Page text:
Having fun making

Having fun with dominos

They all loved knowing that they were part of a group of students across the globe playing like they were.  I was lucky enough to even sneak a peek at my peanut and watch her building with her grade 6 buddy, making towers with magnets.  Her and her buddy were talking away, she didn’t even notice I was there.  It’s funny because I am sure if the students had had their way, this would have gone on much longer than it did. It was the teachers that were quite happy to shut things down. (it’s amazing how the volume can go up when kids are having fun).

Making puzzles together

Making their own Beyblades


Our kids spend so much time in structure – in the hours at school and then the afterschool teams, clubs and lessons that many of them are involved in. I honestly believe it is important to give our students these moments where we can just to remind them how fun it is to be a kid.  They will learn soon enough the responsibilities that come from getting older.

To the organizers of Global Playday, you asked if we should add another day, to that I say a resounding yes.  The more opportunities our students can have to moments like these, the more they can go home and say, “Guess what, at school I got to just play today!” And isn’t that a great thing?

Minecraft’s Just a Game, Isn’t It?

I have been using Minecraft as a teaching tool in my classroom for over 3 years now, and a successful teaching tool I may add.  It’s funny because every time I bring up using Minecraft in my classroom with other teachers who don’t know I use it, I get the same response, “Isn’t that just a game? Aren’t the kids just playing?”  Time and again I have had to hold my tongue and explain how and why I use it. So for those of you that don’t know my spiel, here goes.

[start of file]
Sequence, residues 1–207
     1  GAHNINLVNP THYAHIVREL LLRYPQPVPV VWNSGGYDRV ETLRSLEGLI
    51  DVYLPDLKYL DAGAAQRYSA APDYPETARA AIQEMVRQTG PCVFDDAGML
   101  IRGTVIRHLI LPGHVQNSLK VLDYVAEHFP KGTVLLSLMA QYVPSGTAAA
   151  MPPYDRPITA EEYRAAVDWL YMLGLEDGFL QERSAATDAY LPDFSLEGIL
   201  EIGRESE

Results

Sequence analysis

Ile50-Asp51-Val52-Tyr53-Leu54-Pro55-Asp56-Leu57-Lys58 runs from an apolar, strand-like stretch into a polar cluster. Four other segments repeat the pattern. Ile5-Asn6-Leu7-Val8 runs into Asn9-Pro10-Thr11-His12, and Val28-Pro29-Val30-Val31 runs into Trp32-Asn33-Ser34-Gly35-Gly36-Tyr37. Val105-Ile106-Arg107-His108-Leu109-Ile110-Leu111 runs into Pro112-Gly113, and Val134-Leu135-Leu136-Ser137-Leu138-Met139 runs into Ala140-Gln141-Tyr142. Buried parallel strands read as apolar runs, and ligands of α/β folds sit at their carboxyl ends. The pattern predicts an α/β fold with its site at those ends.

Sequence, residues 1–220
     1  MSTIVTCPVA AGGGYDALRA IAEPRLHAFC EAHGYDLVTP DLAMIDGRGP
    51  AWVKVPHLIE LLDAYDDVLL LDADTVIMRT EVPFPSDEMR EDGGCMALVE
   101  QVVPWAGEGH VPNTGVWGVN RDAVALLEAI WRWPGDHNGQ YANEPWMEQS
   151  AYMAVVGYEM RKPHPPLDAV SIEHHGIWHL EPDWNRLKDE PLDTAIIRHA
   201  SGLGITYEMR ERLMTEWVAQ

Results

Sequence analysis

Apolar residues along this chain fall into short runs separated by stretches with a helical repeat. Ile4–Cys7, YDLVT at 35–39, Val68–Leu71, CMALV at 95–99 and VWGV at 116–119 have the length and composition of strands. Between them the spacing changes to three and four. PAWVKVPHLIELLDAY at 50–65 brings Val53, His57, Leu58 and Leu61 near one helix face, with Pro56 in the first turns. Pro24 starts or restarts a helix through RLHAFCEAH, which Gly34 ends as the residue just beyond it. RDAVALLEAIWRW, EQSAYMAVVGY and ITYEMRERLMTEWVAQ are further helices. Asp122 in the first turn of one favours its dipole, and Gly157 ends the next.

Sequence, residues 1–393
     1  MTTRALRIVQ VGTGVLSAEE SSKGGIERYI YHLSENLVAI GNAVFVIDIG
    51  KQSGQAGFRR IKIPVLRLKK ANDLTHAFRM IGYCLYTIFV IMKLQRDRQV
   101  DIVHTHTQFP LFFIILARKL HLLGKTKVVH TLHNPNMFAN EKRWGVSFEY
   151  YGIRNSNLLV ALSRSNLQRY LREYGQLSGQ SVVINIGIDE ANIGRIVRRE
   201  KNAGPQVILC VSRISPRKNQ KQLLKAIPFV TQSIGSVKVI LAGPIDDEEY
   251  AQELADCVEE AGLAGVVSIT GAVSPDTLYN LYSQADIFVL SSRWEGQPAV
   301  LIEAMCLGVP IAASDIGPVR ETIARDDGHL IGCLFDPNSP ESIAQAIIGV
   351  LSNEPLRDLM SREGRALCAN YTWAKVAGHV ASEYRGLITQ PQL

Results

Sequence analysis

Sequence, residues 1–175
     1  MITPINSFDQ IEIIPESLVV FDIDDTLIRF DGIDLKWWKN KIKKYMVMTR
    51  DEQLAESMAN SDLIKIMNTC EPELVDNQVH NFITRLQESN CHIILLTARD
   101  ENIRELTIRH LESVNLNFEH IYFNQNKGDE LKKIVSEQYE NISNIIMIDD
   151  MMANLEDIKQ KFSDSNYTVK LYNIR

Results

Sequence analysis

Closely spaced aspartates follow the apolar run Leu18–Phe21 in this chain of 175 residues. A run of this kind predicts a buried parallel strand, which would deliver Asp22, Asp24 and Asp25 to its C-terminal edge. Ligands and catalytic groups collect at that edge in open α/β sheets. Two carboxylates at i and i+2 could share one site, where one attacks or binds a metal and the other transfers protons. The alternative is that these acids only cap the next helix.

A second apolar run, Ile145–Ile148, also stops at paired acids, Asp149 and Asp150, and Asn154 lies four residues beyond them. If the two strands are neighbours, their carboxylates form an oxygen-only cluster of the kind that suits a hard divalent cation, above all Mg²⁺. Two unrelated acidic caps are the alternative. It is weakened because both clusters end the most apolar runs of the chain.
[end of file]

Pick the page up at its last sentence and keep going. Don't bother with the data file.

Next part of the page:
In today’s classroom, the focus for our  students is curriculum, I am not disagreeing with this.  My students need to learn about how to add and subtract, how to write a proper sentence and how to read a paragraph in a “just right “book when they leave my room at the end of the year.  Unfortunately, for some of my students, these skills can already be challenging.  Even in these younger primary grades, students are already getting an idea of where they struggle or things they might not be as good as their friends are, they are coming in with a mindset that “Oh I am not good at that, so why bother.”  Many of them may, at times,  give up before they even start.

However, when I introduce Minecraft and how they will be using it to showcase their understanding of different things we are learning in class, it is amazing how many of them perk up.  They are surprised that they are going to be allowed to use Minecraft, something which many of them are coming in with an amazing set of skills already, and use it in the classroom.  I always start the year explaining how, at school, Minecraft is another tool in their toolkit. They will be using it to show me how they understand what we have been discussing in class.